Industry, environmentalists, and regulators have battled over the environmental damage caused by Indian Point’s once-through cooling system for the nearly four decades since the plant opened. NYSDEC’s denial letter recites the complex history of the statutory, regulatory, and advocacy factors which resulted in Indian Point’s continued use of once-through cooling technology in the face of state and federal “best technology available” requirements. By specifically endorsing closed-cycle cooling technology as “available” and “feasible” and rejecting Entergy’s proposed alternative as environmentally inadequate, NYSDEC underscored that it does not interpret its cooling water intake regulations as grounds for traditional cost-benefit analysis. In contrast, EPA regulations interpreting CWA § 316(b), 40 CFR § 125.90 – 125.99, are influenced by cost-benefit analysis; they allow less expensive alternatives to closed-cycle technology and allow the agency to issue variances based on cost-benefit analysis. Last year, in Entergy v. Riverkeeper, 129 S. Ct. 1498 (2009), a divided Supreme Court upheld these regulations. While the Court held that § 316(b) does not bar EPA from using cost-benefit analysis, it noted that the statute does not require cost-benefit analysis, either.
NYSDEC’s decision has not caused Indian Point’s immediate shutdown because Indian Point’s current operating licenses have not yet expired. Furthermore, Entergy may appeal the decision administratively by requesting a hearing within 30 days. According to the New York Times, Entergy may lobby Congress to repeal the Nuclear Regulatory Commission’s requirement that licensees hold a state water quality certificate. The result for Entergy and Indian Point will likely have national repercussions in light of the Obama Administration’s greater emphasis on nuclear energy as a non-fossil fuel source of electricity.
April 12, 2010
A recent decision in a matter litigated by SPR fills an important gap in Superfund law by establishing that suits by parties settling with a state brought under CERCLA’s contribution provision must be brought within three years of the date of the settlement of liability. The District Court’s decision in Chitayat v. Vanderbilt Associates, et al., 03-5314-cv, Memo & Order (E.D.N.Y. March 22, 2010) also reinforces many of the emerging rules governing suits amongst private Superfund litigants.
The plaintiff in the case sought recovery of costs incurred under a 1998 consent order which required him to reimburse the New York State Department of Environmental Conservation (“DEC”) for its costs of cleaning up tetrachloroethene (“PCE”) which had been discovered at 100 Oser Avenue site in Hauppauge, NY (the “Site”). Costs incurred, and expected to be incurred, amounted to several million dollars.
Plaintiff alleged a claim for cost recovery pursuant to CERCLA § 107, and contribution under CERCLA § 113(f)(3)(B). The Court ruled that the plaintiff’s 107(a) cost recovery claim failed because pursuant to his consent order plaintiff was, “not required to expend his own funds to remediate the Site” but instead had to “‘reimburse’ the DEC for the DEC’s response costs.” (Slip. Op. at 14.) Accordingly, plaintiff had not incurred costs of response within the meaning of CERCLA § 107 and could not assert a claim under that section.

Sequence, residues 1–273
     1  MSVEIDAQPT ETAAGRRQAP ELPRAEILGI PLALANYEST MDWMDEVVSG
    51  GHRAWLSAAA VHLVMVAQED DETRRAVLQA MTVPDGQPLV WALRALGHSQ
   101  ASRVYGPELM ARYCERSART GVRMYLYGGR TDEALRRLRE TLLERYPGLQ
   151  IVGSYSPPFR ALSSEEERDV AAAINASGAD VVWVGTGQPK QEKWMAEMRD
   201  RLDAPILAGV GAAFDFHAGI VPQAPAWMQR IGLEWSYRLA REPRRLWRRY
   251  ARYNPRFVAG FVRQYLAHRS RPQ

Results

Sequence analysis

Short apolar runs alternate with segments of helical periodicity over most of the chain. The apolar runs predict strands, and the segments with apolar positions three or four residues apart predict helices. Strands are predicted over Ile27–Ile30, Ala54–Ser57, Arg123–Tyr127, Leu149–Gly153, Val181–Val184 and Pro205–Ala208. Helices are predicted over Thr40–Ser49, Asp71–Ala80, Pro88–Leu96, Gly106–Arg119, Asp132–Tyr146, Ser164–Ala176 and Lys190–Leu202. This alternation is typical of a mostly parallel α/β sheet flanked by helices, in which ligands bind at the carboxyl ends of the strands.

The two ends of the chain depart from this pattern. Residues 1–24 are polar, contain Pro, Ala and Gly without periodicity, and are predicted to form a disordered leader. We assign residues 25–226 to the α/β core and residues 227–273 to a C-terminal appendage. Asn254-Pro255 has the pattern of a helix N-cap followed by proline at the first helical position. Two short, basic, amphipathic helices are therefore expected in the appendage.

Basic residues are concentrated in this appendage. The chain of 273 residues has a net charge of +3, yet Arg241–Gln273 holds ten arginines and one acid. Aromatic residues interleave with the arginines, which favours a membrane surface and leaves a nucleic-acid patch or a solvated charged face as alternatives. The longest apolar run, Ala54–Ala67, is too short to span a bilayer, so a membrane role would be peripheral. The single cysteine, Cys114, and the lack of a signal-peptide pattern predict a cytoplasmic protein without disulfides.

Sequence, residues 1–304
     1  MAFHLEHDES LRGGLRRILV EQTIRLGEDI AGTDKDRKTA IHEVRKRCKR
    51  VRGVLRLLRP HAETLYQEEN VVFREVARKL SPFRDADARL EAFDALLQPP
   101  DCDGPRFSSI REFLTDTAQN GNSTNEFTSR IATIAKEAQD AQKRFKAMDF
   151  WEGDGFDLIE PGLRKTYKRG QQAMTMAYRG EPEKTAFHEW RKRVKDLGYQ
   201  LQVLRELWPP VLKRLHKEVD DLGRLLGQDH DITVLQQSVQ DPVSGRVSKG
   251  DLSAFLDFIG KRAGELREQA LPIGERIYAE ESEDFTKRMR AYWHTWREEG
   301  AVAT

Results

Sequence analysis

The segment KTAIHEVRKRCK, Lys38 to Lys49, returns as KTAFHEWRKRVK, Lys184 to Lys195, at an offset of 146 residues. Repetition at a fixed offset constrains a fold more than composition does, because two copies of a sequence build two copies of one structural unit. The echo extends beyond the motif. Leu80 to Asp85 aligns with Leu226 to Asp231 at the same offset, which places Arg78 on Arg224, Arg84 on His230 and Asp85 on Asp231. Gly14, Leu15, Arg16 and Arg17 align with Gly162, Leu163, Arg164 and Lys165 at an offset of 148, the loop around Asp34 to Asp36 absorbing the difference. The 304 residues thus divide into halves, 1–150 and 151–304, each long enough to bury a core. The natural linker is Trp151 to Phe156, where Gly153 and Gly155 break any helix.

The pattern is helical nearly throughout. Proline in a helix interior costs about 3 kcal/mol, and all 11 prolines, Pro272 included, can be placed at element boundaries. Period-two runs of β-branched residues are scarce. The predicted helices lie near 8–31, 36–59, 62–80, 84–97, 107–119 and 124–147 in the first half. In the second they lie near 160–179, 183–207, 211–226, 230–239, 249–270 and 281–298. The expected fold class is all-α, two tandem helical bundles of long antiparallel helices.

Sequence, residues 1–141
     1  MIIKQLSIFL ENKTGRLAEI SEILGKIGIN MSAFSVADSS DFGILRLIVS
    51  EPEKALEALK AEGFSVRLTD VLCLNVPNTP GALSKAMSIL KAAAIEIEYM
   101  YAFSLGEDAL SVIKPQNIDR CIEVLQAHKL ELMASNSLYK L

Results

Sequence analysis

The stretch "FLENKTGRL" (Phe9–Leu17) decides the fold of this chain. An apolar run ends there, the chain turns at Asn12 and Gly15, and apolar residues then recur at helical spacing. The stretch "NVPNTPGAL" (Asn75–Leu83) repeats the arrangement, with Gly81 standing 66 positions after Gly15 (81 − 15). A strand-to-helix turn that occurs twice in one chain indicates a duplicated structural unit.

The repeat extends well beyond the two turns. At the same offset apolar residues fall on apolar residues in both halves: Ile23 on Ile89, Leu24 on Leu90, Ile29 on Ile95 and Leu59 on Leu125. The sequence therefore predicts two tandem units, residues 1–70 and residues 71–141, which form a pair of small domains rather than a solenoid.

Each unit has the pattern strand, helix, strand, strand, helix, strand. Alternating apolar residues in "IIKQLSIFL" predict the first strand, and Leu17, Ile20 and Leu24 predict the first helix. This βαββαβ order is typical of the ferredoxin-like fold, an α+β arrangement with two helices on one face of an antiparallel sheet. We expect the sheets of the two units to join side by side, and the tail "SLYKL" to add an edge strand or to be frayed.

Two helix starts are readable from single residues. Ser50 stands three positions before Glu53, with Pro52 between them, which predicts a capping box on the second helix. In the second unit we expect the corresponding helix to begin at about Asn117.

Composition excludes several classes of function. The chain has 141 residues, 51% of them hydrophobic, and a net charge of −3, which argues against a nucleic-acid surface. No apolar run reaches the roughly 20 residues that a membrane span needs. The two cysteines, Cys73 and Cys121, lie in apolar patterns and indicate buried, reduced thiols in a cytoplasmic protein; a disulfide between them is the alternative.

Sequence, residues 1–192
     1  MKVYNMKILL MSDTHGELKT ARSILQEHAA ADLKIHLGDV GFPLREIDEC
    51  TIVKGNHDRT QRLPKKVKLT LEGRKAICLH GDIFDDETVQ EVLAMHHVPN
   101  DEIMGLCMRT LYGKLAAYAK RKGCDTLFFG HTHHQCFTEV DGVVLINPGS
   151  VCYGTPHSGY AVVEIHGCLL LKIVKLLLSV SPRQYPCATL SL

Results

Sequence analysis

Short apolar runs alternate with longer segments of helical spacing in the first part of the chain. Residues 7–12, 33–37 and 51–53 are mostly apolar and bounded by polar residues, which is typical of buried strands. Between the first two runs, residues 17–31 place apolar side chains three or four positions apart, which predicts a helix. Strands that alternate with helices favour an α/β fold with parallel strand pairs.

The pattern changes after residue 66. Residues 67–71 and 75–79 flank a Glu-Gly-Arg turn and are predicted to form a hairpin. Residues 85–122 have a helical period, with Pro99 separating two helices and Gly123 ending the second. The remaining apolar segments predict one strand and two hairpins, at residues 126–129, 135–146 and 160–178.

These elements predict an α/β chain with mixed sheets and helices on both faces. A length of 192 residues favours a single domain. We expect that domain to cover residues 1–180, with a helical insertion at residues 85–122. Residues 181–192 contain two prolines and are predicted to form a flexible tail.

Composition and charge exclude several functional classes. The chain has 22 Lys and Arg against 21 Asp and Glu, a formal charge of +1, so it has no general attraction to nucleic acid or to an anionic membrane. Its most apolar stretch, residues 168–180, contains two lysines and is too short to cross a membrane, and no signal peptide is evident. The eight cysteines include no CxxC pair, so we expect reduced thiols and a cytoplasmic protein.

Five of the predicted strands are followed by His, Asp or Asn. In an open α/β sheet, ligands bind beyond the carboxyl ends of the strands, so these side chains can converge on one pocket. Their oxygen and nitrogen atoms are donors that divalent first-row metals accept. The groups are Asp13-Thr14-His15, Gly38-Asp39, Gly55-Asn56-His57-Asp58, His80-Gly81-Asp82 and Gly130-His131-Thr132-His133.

With respect to plaintiff’s contribution claim under CERCLA § 113(f)(3)(B), the court held that while plaintiff was entitled to assert the claim, it was timebarred by a 3-year statute of limitations which began to run upon issuance of the consent order. Plaintiff filed his suit approximately 5 years after the date of his consent order.
The Court’s holding on contribution is notable for two reasons. First, the Court determined that the consent order had resolved plaintiff’s liability for purposes of § 113(f)(3)(B) despite the fact that plaintiff was required to pay back DEC costs in yearly installments over many years. Plaintiff would not receive a release from liability unless he continued to pay and comply until all DEC’s costs were reimbursed. Such a result could be decades away, and may never occur. The Court nonetheless held that under Niagara Mohawk Power Corp. v. Chevron U.S.A., Inc., – F.3d –, 2010 WL 626064 (2d Cir. Feb. 24, 2010), plaintiff’s consent order created a contribution claim under § 113(f)(3)(B).
The most significant aspect of the ruling relates to the statute of limitations which applies to § 113(f)(3)(B) contribution claims. The Court noted a gap in the statute, the, “lack of a triggering event in § 113(g)(3) encompassing a state administrative order or a unilateral EPA order under § 106,” but held that in light of recent Supreme Court precedents, a three-year statute of limitations applies to contribution claims arising from settlements of liability with a state. (Slip. Op. at 23.) In this context, the “triggering event should be the date of the ‘settlement’ of that liability,”—here, the date of plaintiff’s consent order. In so holding the Court rejected alternative theories that a six year limitations period, or no limitations period applies. (Id. at 21-23.) This holding clarifies a complex issue of statutory construction that has vexed courts for many years, and provides useful guidance to future litigants.
The following Sive Paget & Riesel litigators represented three defendants in the case: Daniel Riesel, Dan Chorost and Ashley S. Miller.
- A copy of the decision is available here (pdf)
 Comprehensive Environmental Response, Compensation, and Liability Act (“CERCLA”), 42 U.S.C. § 9613(f)(3)(B).